You Carry the Cure in Your Own Heart


Emotional abuse of children can lead, in adulthood, to addiction, rage, a severely damaged sense of self and an inability to truly bond with others. But—if it happened to you—there is a way out.

by Andrew Vachss

Originally published in Parade Magazine, August 28, 1994

This article is courtesy of The Zero.

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The attorney and author Andrew Vachss has devoted his life to protecting children. We asked Vachss, an expert on the subject of child abuse, to examine perhaps one of its most complex and widespread forms—emotional abuse: What it is, what it does to children, what can be done about it. Vachss’ latest novel, “Down in the Zero,” just published by Knopf, depicts emotional abuse at its most monstrous.

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I’m a lawyer with an unusual specialty. My clients are all children—damaged, hurting children who have been sexually assaulted, physically abused, starved, ignored, abandoned and every other lousy thing one human can do to another. People who know what I do always ask: “What is the worst case you ever handled?” When you’re in a business where a baby who dies early may be the luckiest child in the family, there’s no easy answer. But I have thought about it—I think about it every day. My answer is that, of all the many forms of child abuse, emotional abuse may be the cruelest and longest-lasting of all.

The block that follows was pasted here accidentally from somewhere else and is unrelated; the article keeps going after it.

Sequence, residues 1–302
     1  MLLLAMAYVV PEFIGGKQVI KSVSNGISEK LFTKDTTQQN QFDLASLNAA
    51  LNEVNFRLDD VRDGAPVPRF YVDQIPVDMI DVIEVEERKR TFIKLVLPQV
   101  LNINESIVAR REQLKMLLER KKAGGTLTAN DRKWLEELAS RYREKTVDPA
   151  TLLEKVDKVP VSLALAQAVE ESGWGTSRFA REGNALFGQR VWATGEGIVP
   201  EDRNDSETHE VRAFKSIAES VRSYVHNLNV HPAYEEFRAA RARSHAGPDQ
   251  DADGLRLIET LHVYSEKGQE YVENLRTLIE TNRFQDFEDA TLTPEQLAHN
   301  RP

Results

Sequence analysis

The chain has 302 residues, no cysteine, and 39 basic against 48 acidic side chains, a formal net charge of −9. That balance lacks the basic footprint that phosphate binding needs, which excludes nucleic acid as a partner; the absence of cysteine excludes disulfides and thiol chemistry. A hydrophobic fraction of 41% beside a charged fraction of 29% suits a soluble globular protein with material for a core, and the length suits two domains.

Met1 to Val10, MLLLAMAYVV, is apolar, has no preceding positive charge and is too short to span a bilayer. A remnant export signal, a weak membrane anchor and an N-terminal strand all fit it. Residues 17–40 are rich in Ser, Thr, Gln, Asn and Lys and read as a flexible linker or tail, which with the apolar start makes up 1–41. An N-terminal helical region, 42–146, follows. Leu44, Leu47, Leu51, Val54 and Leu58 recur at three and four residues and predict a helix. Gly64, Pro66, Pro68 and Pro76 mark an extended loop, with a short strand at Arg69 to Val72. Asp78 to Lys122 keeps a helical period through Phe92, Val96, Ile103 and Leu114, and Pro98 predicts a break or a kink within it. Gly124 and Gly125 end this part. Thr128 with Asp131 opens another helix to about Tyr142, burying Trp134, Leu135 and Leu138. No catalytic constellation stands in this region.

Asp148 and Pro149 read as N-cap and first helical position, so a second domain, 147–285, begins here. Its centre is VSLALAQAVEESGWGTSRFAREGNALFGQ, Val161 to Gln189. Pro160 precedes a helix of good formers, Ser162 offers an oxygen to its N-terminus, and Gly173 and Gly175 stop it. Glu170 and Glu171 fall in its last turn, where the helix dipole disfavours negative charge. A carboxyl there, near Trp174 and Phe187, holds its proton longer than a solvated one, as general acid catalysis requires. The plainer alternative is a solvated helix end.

Emotional abuse is the systematic diminishment of another. It may be intentional or subconscious (or both), but it is always a course of conduct, not a single event. It is designed to reduce a child’s self-concept to the point where the victim considers himself unworthy—unworthy of respect, unworthy of friendship, unworthy of the natural birthright of all children: love and protection.

Emotional abuse can be as deliberate as a gunshot: “You’re fat. You’re stupid. You’re ugly.”

Emotional abuse can be as random as the fallout from a nuclear explosion. In matrimonial battles, for example, the children all too often become the battlefield. I remember a young boy, barely into his teens, absently rubbing the fresh scars on his wrists. “It was the only way to make them all happy,” he said. His mother and father were locked in a bitter divorce battle, and each was demanding total loyalty and commitment from the child.

Emotional abuse can be active. Vicious belittling: “You’ll never be the success your brother was.” Deliberate humiliation: “You’re so stupid. I’m ashamed you’re my son.”

It also can be passive, the emotional equivalent of child neglect—a sin of omission, true, but one no less destructive.

And it may be a combination of the two, which increases the negative effects geometrically.

Emotional abuse can be verbal or behavioral, active or passive, frequent or occasional. Regardless, it is often as painful as physical assault. And, with rare exceptions, the pain lasts much longer. A parent’s love is so important to a child that withholding it can cause a “failure to thrive” condition similar to that of children who have been denied adequate nutrition.

Even the natural solace of siblings is denied to those victims of emotional abuse who have been designated as the family’s “target child.” The other children are quick to imitate their parents. Instead of learning the qualities every child will need as an adult—empathy, nurturing and protectiveness—they learn the viciousness of a pecking order. And so the cycle continues.

But whether as a deliberate target or an innocent bystander, the emotionally abused child inevitably struggles to “explain” the conduct of his abusers—and ends up struggling for survival in a quicksand of self-blame.